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Gatwick’s pier ­pressure

London’s second largest international airport is replacing one of the original piers on its South Terminal to improve efficiency and passenger experience.

The last few scraps of cut steel and fragmented concrete were being hauled away from Gatwick Airport by contractor Vinci in mid-October as the four-month demolition of Pier One finished. Concrete foundation pads were being cast for a brand new terminal extension to replace it and recycled concrete was being placed for new aircraft aprons.

Once a symbol of London’s growing air transport capacity in the 1960s, the pier had become tired and difficult to maintain. Internally it was relatively dingy and poorly lit, ceilings were low and the space cluttered.

“It has been somewhat showing its age,” says Gatwick head of piers infrastructure and airfield projects Ben Green, who is in charge of the £184M replacement scheme.

“It certainly does not suit Gatwick’s ambition to be seen as London’s passenger friendly airport of choice.”

The pier is much the smaller of two on the airport’s South Terminal, familiar to many holiday and business travellers. Pier One was originally designed in the days of turbo-prop aircraft and, despite upgrades and modernisations, it somewhat clutters up the terminal operations for both passengers and aircraft operations.

“The stand layout outside is inefficient, especially for modern aircraft types,” explains Green. A kind of cul de sac between the small pier and its larger Pier Two neighbour means that aircraft have to be reversed out and turned to reach the taxiways, and they often back into space needed by other aircraft.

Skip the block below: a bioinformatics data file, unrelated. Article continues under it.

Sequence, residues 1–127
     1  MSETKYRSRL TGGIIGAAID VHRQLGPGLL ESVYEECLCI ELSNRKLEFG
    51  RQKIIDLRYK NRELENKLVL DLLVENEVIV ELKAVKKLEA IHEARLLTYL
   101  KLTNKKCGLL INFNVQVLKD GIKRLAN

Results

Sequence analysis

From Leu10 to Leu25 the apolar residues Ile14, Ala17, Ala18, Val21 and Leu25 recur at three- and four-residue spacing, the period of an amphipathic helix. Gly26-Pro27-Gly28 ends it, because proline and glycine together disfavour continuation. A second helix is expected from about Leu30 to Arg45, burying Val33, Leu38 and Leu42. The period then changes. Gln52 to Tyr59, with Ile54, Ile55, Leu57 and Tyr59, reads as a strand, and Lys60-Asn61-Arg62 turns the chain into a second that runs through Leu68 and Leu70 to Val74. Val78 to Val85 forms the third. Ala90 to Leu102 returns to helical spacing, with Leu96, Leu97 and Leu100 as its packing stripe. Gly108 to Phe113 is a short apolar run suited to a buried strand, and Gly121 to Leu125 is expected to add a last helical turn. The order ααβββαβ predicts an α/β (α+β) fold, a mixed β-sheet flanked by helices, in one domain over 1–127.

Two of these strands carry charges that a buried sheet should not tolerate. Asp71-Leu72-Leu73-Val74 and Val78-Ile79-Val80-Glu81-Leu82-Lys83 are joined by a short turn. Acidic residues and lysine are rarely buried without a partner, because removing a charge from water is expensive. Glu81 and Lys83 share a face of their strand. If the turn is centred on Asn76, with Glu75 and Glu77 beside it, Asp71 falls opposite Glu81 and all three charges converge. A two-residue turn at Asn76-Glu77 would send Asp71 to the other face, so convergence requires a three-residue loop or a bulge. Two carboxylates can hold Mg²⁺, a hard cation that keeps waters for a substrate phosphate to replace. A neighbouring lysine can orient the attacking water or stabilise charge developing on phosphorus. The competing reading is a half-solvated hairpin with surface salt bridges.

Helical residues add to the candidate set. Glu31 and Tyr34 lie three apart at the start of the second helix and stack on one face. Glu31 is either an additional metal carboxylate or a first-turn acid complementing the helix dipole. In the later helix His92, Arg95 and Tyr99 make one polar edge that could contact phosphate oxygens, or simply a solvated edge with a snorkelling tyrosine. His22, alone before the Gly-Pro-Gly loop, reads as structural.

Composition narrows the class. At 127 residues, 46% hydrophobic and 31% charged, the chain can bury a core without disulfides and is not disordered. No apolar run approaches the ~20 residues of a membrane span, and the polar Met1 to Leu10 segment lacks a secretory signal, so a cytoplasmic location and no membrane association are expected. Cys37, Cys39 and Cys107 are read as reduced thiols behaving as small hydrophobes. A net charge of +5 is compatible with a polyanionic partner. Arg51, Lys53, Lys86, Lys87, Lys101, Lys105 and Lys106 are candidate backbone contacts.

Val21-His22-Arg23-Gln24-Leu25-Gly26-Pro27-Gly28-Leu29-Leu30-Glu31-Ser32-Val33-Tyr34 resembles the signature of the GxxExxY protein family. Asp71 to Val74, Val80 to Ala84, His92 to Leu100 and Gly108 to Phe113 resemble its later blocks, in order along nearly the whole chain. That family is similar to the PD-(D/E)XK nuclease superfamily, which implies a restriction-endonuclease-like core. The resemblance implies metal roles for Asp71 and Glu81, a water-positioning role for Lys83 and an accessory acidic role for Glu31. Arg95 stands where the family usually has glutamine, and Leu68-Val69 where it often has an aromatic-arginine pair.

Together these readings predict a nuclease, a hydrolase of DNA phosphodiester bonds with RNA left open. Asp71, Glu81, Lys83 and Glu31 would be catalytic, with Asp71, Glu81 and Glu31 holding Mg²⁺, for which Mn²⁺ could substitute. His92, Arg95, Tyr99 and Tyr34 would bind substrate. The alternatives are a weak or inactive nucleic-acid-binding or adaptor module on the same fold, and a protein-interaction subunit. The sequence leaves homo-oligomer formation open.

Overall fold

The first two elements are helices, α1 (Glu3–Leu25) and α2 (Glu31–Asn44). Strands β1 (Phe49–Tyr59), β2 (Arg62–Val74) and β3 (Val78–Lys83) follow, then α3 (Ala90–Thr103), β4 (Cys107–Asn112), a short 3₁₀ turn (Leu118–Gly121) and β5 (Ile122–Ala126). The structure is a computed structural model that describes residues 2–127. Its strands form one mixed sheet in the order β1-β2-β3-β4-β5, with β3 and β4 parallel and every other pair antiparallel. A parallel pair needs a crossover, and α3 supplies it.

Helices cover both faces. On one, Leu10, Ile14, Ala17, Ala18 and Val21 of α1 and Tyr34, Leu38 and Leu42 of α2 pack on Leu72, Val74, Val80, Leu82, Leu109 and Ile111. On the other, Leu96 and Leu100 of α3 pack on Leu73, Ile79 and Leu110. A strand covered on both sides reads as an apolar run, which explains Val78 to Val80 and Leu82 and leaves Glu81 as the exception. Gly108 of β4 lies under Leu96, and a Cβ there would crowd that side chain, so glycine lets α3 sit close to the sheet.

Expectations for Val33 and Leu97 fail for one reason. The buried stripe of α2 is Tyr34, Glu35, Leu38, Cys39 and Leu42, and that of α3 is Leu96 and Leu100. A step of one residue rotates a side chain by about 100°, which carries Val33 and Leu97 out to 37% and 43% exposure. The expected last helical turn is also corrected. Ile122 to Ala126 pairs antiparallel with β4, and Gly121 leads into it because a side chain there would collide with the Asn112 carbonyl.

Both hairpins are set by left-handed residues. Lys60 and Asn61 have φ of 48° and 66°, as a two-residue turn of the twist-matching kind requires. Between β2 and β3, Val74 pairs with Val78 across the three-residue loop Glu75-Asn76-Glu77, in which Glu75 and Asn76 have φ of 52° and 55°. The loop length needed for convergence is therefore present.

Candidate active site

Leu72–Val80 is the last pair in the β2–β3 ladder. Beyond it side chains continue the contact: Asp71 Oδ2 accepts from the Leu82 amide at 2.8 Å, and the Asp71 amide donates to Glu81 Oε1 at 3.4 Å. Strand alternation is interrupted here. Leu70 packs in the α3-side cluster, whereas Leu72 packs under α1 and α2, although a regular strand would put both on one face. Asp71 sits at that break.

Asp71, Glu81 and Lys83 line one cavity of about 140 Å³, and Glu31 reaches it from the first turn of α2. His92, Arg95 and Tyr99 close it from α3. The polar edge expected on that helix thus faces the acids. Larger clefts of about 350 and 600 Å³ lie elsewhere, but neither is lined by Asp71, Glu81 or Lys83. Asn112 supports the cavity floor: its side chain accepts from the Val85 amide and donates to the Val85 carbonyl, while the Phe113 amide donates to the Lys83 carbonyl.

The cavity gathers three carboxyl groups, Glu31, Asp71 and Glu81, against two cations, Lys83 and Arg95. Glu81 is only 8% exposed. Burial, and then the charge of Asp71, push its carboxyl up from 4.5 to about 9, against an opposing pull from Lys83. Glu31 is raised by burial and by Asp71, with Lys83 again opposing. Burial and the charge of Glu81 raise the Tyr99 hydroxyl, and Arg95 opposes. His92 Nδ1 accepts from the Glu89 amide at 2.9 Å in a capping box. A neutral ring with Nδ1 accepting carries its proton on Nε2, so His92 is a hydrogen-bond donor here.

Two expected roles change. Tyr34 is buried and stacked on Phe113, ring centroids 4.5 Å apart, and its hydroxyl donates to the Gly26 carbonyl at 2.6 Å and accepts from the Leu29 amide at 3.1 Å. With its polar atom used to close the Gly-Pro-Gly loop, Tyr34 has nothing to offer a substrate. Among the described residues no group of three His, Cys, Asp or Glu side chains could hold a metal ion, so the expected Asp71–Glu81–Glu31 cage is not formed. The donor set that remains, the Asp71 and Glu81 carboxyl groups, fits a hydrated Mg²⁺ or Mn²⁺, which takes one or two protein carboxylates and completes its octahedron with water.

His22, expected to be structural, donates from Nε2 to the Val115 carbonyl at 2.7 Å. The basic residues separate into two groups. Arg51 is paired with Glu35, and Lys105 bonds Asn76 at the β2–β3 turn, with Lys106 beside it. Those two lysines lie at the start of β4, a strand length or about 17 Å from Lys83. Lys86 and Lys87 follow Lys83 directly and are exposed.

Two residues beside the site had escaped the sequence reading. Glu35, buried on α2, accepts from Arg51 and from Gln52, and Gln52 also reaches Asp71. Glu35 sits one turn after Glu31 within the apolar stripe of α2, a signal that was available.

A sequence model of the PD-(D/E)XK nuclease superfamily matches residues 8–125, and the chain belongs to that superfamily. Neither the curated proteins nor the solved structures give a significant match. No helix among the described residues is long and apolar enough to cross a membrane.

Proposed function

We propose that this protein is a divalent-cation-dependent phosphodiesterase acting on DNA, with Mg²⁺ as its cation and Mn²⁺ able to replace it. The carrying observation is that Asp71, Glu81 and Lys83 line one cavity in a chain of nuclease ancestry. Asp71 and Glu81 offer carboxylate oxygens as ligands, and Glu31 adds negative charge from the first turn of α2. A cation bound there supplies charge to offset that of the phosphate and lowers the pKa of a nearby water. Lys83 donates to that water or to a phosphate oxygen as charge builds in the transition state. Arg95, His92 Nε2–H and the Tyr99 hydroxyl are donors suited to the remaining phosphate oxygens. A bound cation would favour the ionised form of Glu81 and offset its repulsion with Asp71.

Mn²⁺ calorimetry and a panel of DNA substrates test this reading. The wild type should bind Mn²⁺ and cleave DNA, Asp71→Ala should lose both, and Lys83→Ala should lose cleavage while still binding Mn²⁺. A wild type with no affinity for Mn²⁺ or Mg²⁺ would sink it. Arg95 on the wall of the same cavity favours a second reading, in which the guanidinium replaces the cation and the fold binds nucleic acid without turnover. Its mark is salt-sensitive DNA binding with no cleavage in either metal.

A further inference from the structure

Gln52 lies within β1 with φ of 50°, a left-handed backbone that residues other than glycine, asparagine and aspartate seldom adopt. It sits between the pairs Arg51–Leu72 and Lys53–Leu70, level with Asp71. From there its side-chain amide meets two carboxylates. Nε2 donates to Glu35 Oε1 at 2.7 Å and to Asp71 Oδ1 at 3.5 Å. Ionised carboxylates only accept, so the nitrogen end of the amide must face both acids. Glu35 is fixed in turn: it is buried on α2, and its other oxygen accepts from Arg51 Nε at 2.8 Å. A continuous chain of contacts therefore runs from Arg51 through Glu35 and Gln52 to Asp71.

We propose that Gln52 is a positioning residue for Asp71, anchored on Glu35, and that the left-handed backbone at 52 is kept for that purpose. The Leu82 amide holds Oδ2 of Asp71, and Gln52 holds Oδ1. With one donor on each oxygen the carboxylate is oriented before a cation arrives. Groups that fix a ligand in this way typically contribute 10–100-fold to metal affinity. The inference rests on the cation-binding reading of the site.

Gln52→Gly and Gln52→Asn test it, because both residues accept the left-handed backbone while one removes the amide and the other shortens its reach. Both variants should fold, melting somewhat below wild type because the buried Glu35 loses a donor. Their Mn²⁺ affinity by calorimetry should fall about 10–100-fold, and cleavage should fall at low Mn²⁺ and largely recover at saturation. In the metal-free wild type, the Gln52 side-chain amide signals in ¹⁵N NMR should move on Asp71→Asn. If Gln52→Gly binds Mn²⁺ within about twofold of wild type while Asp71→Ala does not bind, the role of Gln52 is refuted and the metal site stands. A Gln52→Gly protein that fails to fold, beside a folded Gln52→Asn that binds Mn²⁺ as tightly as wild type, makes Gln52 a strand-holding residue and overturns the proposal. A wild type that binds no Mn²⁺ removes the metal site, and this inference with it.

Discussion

All this will be solved by the new terminal extension building, which is to occupy a very different footprint - a compact rectangular area close to the airport perimeter. Around it will fit five plane stands, replacing the eight there at present. All are linked directly by air bridges to the gate rooms.

“But because of the chance to repave and enlarge the parking area and reconfigure its movements, these fewer stands will allow more passenger throughput,” explains Green. The stands will also handle larger aircraft than before.

The unusual shape of the new pier is not just to do with a tighter footprint in a space close to the busy Gatwick main runway. It also accommodates another feature of the project: a total renewal of the baggage handling system.

Based on modern automated warehousing technology using “totes” or standardised plastic trays, this will be a new ergonomically efficient system, reducing baggage handling effort and improving efficiency. The conveyors and handling lines will be at the heart of the new building.

The new system increases capacity from 3,800 to 4,250 bags an hour, but on top of that it will include an “early bag store”, which can hold 2,600 bags.

“The handling system is crucial and in a sense the terminal is built around it,” says Gatwick construction director Derek Hendy.

Originally, the £45M baggage system and the new building were separate projects but it made good sense to merge them into the now £184M project.

You are trying to fit a vast Meccano structure into a complex 3D space and there are thousands of points where you can get conflicts

Jason Griffiths, Vinci

Doing so has partly dictated the rectangular floor shape but this also comes from the need to fit the new pier into a space close to the runway. The position also determines an essentially two-storey format squeezed in underneath the radar profile for air traffic control.